• Payam Akhavan: “Equality and Justice, Global Perspectives” and “Countering War, Hate, and Violence Assembly.”
    • Emily Wright: “Making Interreligious Chaplaincy Education Meaningfully Inclusive” and “A New Cup of Grace—A Ukulele Opera
    • Hooshmand Badee: “Interfaith Peacemaking Perspectives from Across the World.”
    • Nader Saiedi: Presenting the new documentary film The Gate: Dawn of the Bahá’í Faith.
    • Paul Hanley: “Man of the Trees: Richard St. Barbe Baker, the First Global Environmentalist.”
    • JoAnn Borovicka: “Amazing Faiths! An Interactive Workshop on Interfaith Dialogue.”
    • Robert Atkinson: “New Thoughts in Interfaith Spirituality.”
    • Robert Stockman: “The Characteristics of Bahá’í Interfaith Dialogue.” Candace Hill: “From Shiraz to Chicago: Bahá’í Women of the East and the West”
    • Edward Price: “The Divine Curriculum: Understanding the Báb, Divine Educator for the Modern Era.”
    • Sovaida Maani Ewing: “Achieving World Peace: Bahá’í and Catholic Teachings.”
    • Jean Muza: “Bahá’í Civic Engagement: How to Maneuver in America’s Divisive Political Landscape.”
    • Robert Atkinson: “The Golden Rule as the Basis for a Global Justice System: An Interfaith Perspective with a Call to Action.”
    • Edward Price: “The Divine Curriculum Concept as a Framework for Interfaith Inclusion and Love.” [CBN-Preparation; CBN-Inclusion; CBN-Films]

      The Hindu Swami Agnivesh said that instead of spending trillions of dollars on the war system, the peoples of the world need to unite and create a world parliament based on an Earth Constitution. He said that “without a world government, we cannot solve our major world problems.” [Black News 6Feb2022]

    Toronto, ON World Parliament of Religions

    from the main catalogue

    1. First Public Mentions of the Bahá'í Faith in the West, by Bahá'í Information Office of the UK (1998). Short essay based on research by Moojan Momen and Derek Cockshutt. The first mention for the Faith in the West was not in 1893, but rather in a number of earlier talks on the Faith in England, and reports on the Babis in the 1850s. [about]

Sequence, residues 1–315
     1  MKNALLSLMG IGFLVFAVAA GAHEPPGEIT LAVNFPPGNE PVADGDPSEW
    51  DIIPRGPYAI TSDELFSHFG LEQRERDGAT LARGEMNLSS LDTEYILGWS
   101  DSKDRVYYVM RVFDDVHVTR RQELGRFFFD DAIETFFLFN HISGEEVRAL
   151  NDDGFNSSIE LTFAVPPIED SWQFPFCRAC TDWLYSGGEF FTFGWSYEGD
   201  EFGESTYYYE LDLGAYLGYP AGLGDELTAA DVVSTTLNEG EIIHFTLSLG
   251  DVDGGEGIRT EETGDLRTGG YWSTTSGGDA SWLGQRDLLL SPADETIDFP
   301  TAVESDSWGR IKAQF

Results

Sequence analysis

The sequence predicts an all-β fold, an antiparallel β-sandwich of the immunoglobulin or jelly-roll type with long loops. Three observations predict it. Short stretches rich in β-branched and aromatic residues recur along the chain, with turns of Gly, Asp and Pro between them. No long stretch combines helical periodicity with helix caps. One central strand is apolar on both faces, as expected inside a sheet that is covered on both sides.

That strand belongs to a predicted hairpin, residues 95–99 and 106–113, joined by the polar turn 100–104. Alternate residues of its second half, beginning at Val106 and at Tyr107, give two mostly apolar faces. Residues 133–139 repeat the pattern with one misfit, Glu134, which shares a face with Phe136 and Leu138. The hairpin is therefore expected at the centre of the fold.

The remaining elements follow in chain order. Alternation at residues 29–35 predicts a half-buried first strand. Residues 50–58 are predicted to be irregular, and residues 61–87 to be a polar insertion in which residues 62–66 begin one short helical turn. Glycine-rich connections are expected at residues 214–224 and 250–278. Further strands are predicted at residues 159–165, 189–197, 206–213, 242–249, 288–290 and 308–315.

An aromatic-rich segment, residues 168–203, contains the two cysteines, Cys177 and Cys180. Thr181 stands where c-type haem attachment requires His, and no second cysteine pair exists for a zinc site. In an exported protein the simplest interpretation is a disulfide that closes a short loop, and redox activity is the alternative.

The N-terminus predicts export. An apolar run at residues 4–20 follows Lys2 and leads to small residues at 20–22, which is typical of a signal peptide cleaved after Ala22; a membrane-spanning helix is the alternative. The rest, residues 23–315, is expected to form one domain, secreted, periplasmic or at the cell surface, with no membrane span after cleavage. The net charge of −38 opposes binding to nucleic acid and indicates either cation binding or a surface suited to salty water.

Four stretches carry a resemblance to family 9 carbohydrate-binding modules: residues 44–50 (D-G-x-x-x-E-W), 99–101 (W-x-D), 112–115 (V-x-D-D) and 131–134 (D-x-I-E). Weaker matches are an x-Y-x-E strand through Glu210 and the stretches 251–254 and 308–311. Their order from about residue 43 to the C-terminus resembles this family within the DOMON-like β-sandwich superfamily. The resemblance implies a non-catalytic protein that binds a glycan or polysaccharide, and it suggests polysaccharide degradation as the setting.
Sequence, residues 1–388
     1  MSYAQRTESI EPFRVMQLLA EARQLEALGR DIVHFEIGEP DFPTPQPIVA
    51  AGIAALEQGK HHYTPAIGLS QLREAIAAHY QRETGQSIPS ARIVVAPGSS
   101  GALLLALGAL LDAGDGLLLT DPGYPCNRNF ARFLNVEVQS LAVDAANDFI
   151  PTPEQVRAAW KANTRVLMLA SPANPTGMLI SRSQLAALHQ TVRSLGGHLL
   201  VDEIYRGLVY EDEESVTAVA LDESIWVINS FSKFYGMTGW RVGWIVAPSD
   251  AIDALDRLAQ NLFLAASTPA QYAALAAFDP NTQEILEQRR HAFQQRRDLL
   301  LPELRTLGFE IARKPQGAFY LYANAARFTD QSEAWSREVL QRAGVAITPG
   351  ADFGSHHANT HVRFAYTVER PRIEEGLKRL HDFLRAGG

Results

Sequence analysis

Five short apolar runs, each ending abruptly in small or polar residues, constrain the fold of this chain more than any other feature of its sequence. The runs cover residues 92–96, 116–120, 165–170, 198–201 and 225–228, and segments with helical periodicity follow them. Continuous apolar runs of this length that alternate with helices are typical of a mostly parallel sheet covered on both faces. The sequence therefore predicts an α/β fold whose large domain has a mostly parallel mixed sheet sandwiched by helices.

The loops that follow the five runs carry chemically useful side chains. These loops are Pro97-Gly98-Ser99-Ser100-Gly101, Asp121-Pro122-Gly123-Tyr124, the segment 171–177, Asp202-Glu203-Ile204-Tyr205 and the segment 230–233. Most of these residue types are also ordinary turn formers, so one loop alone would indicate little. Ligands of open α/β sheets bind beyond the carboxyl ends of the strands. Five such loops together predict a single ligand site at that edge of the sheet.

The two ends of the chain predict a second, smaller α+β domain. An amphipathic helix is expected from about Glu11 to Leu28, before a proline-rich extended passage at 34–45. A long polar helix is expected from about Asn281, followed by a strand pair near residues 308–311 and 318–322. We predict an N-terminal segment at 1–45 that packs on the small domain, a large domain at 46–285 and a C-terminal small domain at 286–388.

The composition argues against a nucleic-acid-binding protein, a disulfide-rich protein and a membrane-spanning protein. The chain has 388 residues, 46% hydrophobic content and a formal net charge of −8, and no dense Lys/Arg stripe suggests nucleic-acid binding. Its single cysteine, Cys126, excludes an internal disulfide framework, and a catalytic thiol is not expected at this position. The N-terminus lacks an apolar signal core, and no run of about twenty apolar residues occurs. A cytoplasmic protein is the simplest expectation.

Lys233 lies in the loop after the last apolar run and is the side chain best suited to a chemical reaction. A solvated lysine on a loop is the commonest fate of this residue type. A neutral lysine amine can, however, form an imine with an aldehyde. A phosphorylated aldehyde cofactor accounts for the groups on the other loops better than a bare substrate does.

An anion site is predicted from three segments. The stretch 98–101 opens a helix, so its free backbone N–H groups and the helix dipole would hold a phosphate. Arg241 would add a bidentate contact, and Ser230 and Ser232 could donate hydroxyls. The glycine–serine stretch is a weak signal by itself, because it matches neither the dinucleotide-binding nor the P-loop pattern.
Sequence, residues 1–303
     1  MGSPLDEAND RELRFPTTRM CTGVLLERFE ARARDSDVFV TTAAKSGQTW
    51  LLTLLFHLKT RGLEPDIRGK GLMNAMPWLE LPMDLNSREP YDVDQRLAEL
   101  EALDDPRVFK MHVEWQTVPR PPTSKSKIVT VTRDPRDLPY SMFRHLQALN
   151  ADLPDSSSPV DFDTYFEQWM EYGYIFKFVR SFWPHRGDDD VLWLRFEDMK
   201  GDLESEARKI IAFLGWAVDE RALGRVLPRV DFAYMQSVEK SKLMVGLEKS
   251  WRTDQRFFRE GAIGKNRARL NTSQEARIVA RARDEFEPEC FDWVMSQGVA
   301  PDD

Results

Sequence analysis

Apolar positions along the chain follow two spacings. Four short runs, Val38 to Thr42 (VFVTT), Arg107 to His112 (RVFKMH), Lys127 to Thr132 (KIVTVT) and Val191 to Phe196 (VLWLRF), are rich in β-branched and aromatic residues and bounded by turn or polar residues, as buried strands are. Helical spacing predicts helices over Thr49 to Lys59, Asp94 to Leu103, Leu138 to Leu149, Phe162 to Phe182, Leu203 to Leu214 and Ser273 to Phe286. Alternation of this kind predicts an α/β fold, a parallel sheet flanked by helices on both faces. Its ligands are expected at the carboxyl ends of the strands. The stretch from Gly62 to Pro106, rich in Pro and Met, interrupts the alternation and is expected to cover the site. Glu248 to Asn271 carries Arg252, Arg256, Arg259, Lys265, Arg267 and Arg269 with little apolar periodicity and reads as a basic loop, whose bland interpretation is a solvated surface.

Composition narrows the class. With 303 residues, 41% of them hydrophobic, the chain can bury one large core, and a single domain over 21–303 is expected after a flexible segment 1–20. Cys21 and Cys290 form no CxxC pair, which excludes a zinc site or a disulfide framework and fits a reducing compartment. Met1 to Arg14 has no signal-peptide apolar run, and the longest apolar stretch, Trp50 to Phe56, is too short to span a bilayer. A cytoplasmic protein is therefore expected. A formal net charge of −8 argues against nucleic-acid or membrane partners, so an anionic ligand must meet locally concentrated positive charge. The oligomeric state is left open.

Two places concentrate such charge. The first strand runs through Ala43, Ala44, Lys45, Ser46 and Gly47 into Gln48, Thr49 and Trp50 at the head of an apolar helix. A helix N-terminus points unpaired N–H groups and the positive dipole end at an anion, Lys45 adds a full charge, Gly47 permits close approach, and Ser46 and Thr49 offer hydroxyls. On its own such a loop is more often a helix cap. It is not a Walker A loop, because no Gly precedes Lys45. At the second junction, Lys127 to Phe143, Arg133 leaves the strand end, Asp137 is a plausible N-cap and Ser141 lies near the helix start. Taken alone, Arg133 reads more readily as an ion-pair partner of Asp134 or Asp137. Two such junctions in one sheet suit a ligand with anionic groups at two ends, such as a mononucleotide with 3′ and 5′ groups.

2. Greenacre on the Piscataqua, by Anna Josephine Ingersoll (1900). An early history of Greenacre and some of its notable visitors and presentations. [about]
    3. Path of God, The, by Wolfgang A. Klebel, in Lights of Irfan, Volume 11 (2010). A comparison of the 'Global Ethic' (Hans Küng) with the Bahá'í Faith. The core ethical principles found in all religions are the most likely first step towards the unification of all religions: an inspiration for Unity in Diversity. [about]
    4. Religious Mission of the English-Speaking Nations, The, by Henry H. Jessup, in Neely's History of the Parliament of Religions and Religious Congresses of the World's Columbian Exposition (1894). The report mentioned by Shoghi Effendi in God Passes By, and often (erroneously) referred to as being the one of first public mentions of the Faith. [about]
    5. Rise and Fall of the Parliament of Religions at Greenacre, The, by Robert P. Richardson, in The Open Court, 45:3 (1931-03). Background of the first parliament and Chicago Columbian Exposition and the role of Sarah Farmer and other Bahá'ís in bringing it to fruition, written from an unsympathetic outsider's perspective. Not yet proofread. [about]
    6. Selected Talks and Statements on Interfaith Issues by Religious Leaders and Scholars, by George Townshend and Swami Vivekananda, in Singapore Bahá'í Studies Review, vol. 4 (1999). Compilation of addresses to commemorate the 50th Anniversary of the Inter-Religious Organisation of Singapore; also includes talks by Jonathan Sacks, Abdullah Yusof Ali, Robert Runcie, and Pope John Paul II. [about]